These are the lines from which the title of this poetry collection comes:
The town is nothing but mirrors
The mirrors are nothing but eyes
This town is a dense forest of eyes
In which leafy veins spread out wide
At first they seem to express an urban self-consciousness not unusual in modern, and especially Modernist, writers. But the last line switches to a natural image that seems more sympathetic than hostile.
From its title alone, “Forest of Eyes” suggests that it might be a surreal volume, an idea reinforced by the image on the cover. But when the second section of the title composition, “The Town of Mirrors or Forest of Eyes,” begins “The trees join arms,” it is clear that we are dealing with something more companionable and less cold than first thought.
The notes explain the allusions to the haiku poet Basho in one part, or the homoerotic overtones in another, so that the suite of poems comes to seem less surreal than visionary, insofar as these differ.
Another feature of this piece, which gave its title to the poet’s fourth collection, one of 14 selected here, is a suggestion of the limitations placed by society, and above all the church, on women. As a poet, Tada Chimako (1930-2003) did not adopt a strongly feminist stance, the Introduction tells us, but there is an element in her writing that can be interpreted that way. Intellectual by disposition, and broadly classical in her references, she is not an easy poet to categorize.
Born in Kita-Kyushu, Tada grew up in Tokyo, but was evacuated to the countryside during the war, and little affected by it as she became more and more absorbed in her own reading, much of it dealing with ancient myths. Greek and Latin mythology thus formed as much a part of her imaginative world as the culture of Japan. Like many others of older generations, she studied French literature, and came under its influence too.
Tada’s first collection, Fireworks (1956), on the evidence here, shows traces of Romanticism in its preoccupation with dawn and dusk, the hidden or the half-revealed. After that, she moved to Kobe with her new husband, and lived for the rest of her life on the slopes of Mount Rokko, a change that brought both a new restriction and a new freedom to her: The distance separated her from other writers in the capital, while also allowing her to develop on her own.
As a poet, Tada is more interested in dreaming and reflection than pure narrative, so that her take on Homer draws upon “The Odyssey” rather than “The Iliad” (“The carnage over, now for the music”). In mid-career, however, her poetry takes a new turn, when she starts composing prose poems, which are more a feature of French than English poetry, but have been adopted in Japanese as well. Having eschewed storytelling, she tentatively begins to explore and use it (“A little while ago, a strange incident took place”).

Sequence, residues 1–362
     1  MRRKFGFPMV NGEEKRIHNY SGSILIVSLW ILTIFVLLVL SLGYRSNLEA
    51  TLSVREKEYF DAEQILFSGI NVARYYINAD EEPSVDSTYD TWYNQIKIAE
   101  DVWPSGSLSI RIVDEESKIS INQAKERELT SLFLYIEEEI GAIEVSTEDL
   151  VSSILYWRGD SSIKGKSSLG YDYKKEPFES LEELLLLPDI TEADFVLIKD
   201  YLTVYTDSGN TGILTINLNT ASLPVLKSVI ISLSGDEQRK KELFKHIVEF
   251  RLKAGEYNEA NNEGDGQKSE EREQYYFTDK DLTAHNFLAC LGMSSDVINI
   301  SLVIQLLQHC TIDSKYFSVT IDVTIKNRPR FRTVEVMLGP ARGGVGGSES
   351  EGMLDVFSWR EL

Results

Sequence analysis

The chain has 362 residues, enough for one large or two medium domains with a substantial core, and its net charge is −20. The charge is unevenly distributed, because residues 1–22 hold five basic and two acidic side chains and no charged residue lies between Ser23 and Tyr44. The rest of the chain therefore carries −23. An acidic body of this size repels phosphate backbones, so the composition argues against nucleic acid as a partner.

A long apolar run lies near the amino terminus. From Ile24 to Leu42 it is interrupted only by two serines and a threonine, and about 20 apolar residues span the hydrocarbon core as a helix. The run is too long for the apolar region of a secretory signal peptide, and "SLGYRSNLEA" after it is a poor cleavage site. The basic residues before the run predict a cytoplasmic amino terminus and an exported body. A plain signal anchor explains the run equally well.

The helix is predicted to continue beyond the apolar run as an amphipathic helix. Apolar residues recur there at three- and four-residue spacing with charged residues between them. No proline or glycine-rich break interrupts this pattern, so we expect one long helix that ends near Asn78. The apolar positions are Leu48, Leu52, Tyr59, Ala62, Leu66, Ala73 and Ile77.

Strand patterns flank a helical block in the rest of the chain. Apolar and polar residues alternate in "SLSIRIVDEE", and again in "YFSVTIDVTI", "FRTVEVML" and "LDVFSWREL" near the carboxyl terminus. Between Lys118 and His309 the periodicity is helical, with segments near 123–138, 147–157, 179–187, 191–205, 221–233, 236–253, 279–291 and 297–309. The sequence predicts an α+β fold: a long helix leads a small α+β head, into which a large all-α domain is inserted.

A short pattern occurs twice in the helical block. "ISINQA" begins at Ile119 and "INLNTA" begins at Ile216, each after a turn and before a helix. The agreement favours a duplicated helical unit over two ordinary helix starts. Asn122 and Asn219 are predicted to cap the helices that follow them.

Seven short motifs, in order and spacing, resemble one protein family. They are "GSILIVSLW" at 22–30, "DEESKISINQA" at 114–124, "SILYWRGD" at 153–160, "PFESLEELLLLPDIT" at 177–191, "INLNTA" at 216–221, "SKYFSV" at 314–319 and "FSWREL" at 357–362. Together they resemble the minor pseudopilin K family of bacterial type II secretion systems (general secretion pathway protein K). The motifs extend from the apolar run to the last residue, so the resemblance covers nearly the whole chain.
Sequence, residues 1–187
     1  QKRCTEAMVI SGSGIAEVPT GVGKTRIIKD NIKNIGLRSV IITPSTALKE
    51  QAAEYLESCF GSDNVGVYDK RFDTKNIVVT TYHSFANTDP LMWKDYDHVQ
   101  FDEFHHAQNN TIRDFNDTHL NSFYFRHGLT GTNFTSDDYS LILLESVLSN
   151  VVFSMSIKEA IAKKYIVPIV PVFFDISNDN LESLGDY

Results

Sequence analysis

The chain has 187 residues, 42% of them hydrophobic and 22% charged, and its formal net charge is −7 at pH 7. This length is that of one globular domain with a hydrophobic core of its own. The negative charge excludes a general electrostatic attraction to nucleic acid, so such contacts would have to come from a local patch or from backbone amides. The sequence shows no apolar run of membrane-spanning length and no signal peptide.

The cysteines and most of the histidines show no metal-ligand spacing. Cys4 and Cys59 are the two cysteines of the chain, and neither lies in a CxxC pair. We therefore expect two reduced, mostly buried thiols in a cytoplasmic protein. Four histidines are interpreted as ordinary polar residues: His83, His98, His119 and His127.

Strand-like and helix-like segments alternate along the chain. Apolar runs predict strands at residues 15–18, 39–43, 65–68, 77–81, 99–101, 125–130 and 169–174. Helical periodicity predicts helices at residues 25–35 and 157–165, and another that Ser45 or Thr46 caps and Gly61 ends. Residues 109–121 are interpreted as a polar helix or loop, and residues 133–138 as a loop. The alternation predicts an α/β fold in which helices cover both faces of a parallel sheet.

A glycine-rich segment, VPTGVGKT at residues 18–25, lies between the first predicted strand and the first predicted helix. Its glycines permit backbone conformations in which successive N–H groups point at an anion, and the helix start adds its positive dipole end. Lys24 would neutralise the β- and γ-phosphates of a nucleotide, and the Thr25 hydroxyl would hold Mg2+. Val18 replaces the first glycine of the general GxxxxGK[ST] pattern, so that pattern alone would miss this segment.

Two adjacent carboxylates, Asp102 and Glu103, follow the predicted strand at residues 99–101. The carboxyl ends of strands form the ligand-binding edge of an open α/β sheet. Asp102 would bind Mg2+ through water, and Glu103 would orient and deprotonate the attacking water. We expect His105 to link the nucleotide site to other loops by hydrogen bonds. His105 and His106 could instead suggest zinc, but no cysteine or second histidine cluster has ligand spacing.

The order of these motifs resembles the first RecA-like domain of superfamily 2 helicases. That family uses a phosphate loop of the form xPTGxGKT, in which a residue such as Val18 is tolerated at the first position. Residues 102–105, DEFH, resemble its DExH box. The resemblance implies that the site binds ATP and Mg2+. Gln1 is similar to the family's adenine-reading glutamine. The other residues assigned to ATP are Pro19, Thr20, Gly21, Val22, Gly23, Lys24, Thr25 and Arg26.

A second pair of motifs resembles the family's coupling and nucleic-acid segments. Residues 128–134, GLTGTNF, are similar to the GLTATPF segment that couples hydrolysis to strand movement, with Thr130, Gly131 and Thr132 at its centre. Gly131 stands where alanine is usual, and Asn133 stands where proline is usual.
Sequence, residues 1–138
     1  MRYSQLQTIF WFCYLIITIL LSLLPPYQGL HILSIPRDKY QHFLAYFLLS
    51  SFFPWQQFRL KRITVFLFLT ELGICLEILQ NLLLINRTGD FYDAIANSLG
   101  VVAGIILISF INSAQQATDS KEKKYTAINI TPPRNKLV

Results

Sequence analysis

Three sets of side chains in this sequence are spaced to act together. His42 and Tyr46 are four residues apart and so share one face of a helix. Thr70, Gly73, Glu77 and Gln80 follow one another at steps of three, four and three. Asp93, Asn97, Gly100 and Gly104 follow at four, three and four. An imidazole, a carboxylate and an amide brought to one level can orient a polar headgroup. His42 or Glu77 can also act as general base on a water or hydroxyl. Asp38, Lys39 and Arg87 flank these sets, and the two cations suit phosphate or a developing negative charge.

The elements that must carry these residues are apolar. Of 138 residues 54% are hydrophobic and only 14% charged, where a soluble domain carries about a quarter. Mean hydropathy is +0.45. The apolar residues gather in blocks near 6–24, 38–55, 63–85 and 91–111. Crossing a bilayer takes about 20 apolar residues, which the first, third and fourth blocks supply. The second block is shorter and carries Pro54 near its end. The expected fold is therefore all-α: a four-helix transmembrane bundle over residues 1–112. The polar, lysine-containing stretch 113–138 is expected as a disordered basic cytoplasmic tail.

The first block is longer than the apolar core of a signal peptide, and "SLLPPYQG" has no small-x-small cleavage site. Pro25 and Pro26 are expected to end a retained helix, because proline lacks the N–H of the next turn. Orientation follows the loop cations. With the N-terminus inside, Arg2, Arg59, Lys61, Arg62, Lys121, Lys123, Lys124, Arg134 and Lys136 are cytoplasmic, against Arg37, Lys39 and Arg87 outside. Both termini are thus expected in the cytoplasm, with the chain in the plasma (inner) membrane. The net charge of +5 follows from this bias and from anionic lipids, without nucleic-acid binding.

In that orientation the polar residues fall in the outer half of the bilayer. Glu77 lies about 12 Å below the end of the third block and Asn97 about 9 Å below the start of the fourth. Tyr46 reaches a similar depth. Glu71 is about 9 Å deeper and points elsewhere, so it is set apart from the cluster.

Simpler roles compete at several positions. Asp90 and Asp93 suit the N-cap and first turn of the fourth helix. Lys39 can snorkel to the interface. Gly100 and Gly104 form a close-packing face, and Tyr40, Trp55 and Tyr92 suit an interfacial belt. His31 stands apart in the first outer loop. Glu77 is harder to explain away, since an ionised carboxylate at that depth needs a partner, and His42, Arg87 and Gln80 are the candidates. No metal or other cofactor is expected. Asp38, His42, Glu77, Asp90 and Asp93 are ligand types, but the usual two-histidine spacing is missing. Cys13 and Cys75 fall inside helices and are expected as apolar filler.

The prose poems of this middle period (and there are some fine late examples too), seem at first like a new venture. But one of the remarkable things about this poet is that she does not allow herself to be constricted, to compose only in a single form.
The majority of poets in Japan confine themselves to free-verse poetry, which may include prose poems, or else the traditional genres of haiku or tanka. As the translator explains, the former of these last two, although better known abroad, is actually an offshoot of the latter.
The two collections of 31-syllable tanka, and one of 17-syllable haiku, that are represented here show the poet to have mastered both these forms, and all this demonstrates her unusual range. Western poets freely choose the forms that they will write in, but their Japanese counterparts seldom encroach upon each other’s territory in this way.
Chimako Tada, then, like her friend and contemporary Takahashi Mutsuo, shows herself to be a new kind of poet in the variety of her achievement.
In his excellent introduction, Jeffrey Angles reveals how even Tada’s free-verse comes to adopt the rhythms of classical Japanese. Though we are still with Homer in “Lotophagi” (1986), where dawn has “rosy fingers,” there is surely an increase in Eastern content and allusion after this. Certainly the poet’s odyssey involves some shape-shifting myths and quizzical meditations in her later work. Rivers and tunnels feature often, as the translator notes.
“The grammar of pleasure already belongs to dead languages,” the poet says. And again elsewhere: “Like a stake, the river penetrates / Past, present, future.”
As the end of the poet’s life approaches, there is a kind of knocking at the doors of knowledge, and her last volume of poems is called “Breaking the Seal” (2004). It is one of three collections edited and published posthumously by Takahashi Mutsuo.
The other two volumes to appear after Tada’s death are of haiku and tanka respectively. These are more personally expressive. The three together form the finale to a singular body of poetry that has been finely chosen, sensitively introduced and admirably translated by Jeffrey Angles in this selection.